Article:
Jerry Sandusky's lawyers on Tuesday asked for a little more time to file briefs supporting the former Penn State assistant football coach's bid to have child sexual abuse convictions overturned and a new trial granted.
Defense attorney Joe Amendola asked Judge John Cleland for two more weeks past Friday's deadline to file supporting arguments for Sandusky's post-sentencing motions.
Amendola said lead appeals lawyer Norris Gelman had a heart attack and open-heart surgery, delaying his ability to work on the case. Lawyers also face a vast amount of material to review, Amendola said.
Sandusky is serving a 30- to 60-year prison sentence for convictions on 45 counts of child sexual abuse, including violent attacks on boys inside Penn State athletic facilities. The 68-year-old Sandusky maintains he is innocent.
Sandusky argued last month that his lawyers had not been given enough time to prepare for trial and the statute of limitations for some charges had expired.
He argued his sentence was excessive, hearsay evidence was improperly allowed and evidence was not sufficient for convictions.
In a related matter, a judge on Friday will consider whether to grant a request by Penn State and delay proceedings in the whistleblower and defamation lawsuit filed by former assistant football coach Mike McQueary. As a graduate assistant, McQueary had complained in 2001 to then-coach Joe Paterno that Sandusky was behaving inappropriately with a boy in a team shower.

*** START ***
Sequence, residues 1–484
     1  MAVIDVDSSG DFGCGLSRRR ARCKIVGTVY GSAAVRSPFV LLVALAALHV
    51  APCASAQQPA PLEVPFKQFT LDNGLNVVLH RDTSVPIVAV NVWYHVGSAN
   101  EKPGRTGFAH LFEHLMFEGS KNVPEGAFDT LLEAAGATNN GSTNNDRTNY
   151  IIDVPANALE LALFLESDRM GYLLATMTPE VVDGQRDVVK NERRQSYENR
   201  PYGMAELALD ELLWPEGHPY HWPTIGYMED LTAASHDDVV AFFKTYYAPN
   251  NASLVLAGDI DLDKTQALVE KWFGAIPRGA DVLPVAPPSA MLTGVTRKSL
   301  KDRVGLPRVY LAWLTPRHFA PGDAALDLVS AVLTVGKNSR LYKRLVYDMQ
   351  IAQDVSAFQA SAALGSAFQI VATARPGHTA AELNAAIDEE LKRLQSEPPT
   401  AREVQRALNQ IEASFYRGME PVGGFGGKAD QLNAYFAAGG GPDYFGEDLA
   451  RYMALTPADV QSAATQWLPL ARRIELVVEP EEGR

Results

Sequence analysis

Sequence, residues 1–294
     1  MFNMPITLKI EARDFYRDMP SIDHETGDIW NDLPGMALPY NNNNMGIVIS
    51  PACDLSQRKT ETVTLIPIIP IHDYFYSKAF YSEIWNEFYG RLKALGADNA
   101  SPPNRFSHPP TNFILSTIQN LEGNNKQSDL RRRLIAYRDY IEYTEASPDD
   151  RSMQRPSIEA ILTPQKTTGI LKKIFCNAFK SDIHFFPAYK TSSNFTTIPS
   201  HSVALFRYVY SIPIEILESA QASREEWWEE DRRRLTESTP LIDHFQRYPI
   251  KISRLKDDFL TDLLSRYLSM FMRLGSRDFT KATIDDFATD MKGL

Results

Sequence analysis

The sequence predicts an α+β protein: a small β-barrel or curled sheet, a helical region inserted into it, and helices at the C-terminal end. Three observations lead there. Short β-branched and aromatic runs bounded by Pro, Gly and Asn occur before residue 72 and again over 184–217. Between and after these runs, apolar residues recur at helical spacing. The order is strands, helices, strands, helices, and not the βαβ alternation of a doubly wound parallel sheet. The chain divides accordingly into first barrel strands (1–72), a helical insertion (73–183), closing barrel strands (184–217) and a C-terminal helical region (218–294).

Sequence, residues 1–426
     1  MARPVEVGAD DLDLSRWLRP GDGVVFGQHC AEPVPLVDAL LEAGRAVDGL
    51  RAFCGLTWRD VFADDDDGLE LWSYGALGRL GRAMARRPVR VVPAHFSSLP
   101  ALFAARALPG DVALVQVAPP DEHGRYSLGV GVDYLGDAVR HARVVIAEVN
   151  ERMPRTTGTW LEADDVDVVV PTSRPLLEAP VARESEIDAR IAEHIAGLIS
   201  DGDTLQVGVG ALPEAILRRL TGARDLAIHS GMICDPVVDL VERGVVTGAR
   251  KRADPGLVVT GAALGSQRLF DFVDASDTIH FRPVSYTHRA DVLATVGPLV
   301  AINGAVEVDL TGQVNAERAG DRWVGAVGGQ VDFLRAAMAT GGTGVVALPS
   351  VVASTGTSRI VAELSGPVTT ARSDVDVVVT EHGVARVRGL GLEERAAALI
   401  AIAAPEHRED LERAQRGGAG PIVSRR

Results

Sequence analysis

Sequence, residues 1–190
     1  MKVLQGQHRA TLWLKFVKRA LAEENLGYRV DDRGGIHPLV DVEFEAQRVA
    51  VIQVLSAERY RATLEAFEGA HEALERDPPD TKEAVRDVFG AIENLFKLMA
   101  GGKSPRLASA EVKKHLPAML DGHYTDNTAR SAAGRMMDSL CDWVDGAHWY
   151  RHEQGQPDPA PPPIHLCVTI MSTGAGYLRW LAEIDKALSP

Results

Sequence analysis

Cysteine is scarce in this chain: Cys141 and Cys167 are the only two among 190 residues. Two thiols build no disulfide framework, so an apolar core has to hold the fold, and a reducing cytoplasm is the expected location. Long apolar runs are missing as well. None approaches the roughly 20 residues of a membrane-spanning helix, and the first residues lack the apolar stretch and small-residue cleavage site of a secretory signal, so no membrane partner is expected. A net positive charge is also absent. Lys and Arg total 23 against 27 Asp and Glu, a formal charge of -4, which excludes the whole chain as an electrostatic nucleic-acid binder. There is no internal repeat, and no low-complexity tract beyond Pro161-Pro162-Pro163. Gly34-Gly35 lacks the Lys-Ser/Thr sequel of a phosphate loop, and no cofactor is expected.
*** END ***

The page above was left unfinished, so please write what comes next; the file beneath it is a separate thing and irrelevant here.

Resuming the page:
Penn State wants to delay the case until after a scheduled January trial for former university administrators Tim Curley and Gary Schultz, charged with perjury and failing to properly report suspected abuse. Additional charges have been added against Curley and Schultz, and former Penn State president Graham Spanier was also recently charged.
McQueary's lawyers are opposed to the delay.
The Dauphin County Court administrator's office said Tuesday that a Dec. 13 preliminary hearing had been scheduled for Curley, Schultz and Spanier. Officials said the hearing would continue Dec. 14 if necessary.